Fragonard portrayed the girls who were engaged in reading or writing many times. But every time these images were overly flirtatious (Rosenberg, 1988). “A Young Girl Reading” is an exception to this rule. This picture was painted by Fragonard during the transition period when frivolous scenes began to go out of fashion, and he had to adjust his manner quickly, in order not to lose his place at the so-called ‘art market’ (Rosenberg, 1988). It is considered that there was no model for this portrait. Jean-Honoré Fragonard depicted a girl as a common image, an archetype of femininity (Artble, n.d.). The girl on the portrait has a simple and modest hairstyle; she is in a state of pensive calmness, delicately wrapped in a sunny yellow dress with white cuffs and collar and lilac ribbons which put and accent on her bodice, neck, and hair (National Gallery of Art, n.d.). The fresh face of a young girl with a gentle skin which looks and probably feels as tender as a peach is very charming. She is dressed in a bright, lemon-yellow dress, which generously reflects the light patches. The girl sits, leaning back on a purple pillow, which is shadowed by deep purple shadows. The portrait strikes the viewers by its depth and vitality. The fluidity of its contours is characteristic of the paintings of Rococo period (Artble, n.d.).
The girl is probably sitting at the window because her face and body are illuminated by light, and a light shadow is casted against the wall (National Gallery of Art, n.d.). The girl has inclined her head and she is fully absorbed in the book she is reading, or perhaps in a dream. As we cannot see any writing instruments on the paining, we may assume that the girl is reading for pleasure, not for research purposes (Artble, n.d.). Fragonard does not give the viewers an answer to the question what book is the girl reading, thus adding a scent of mystery to the portrait, and leaving the viewers the chance to guess what book that might be and how it may affect the girl’s thoughts and emotions. The background of this painting is simplified, thus putting an even greater emphasis on the appearance of the girl.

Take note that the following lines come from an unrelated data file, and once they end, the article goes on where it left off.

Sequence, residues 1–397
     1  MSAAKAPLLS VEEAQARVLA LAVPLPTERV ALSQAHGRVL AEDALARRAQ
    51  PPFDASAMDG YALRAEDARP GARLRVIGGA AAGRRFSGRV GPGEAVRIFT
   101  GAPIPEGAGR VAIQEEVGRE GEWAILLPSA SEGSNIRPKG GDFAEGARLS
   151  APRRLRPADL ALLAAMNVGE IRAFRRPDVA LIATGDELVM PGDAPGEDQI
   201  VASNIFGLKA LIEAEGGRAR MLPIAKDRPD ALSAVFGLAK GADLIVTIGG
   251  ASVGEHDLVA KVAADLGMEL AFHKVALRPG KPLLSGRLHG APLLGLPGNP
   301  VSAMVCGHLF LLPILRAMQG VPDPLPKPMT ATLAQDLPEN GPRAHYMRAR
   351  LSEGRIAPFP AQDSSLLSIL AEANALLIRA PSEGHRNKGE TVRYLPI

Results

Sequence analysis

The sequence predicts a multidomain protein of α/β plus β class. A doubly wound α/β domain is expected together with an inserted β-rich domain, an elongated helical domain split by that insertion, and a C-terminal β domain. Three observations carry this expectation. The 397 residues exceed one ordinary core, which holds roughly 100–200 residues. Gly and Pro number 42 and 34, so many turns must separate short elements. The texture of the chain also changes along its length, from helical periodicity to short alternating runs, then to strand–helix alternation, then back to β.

Fascinated by the female beauty of the girl or perhaps by the nature of femininity in general, Fragonard intends first of all to please the people who will look at this painting and to give them the sense of warmth and joy and warmth (Artble, n.d.). The portrait is a contemplation of the female beauty and the process of calm and pleasant reading.
AHRB Centre for Environmental History. Behind the picture. Accessed April 05th, 2015. http://www.st-andrews.ac.uk/~waste/timeline/story-pic1.html.
Artble. Young Girl Reading. Accessed April 05th, 2015. http://www.artble.com/artists/jean-honore_fragonard/paintings/young_girl_reading#artist.
Fratello, Bradley. France embraces Millet: the intertwined fates of The Gleaners and The Angelus. The Art Bulletin, Vol. 85, No. 4 (2003): 685–701. doi: 10.2307/3177365.
Kimmelman, Michael. ART REVIEW; Plucking Warmth From Millet's Light. The New York Times Company. Last modified August 27th, 1999. http://www.nytimes.com/1999/08/27/arts/art-review-plucking-warmth-from-millet-s-light.html.
Murphy, Alexandra R., Richard Rand, Brian Allen and James A. Ganz. Drawn into the Light: Jean Francois Millet. Yale University Press, 1999.
National Gallery of Art. Jean-Honoré Fragonard. The Collection. Accessed April 05th, 2015. https://www.nga.gov/collection/gallery/gg55/gg55-46303.html.
National Gallery of Art. Young Girl Reading. The Collection. Accessed April 05th, 2015. http://www.nga.gov/content/ngaweb/Collection/art-object-page.46303.html.
Rosenberg, Pierre. Fragonard. Metropolitan Museum of Art, 1988.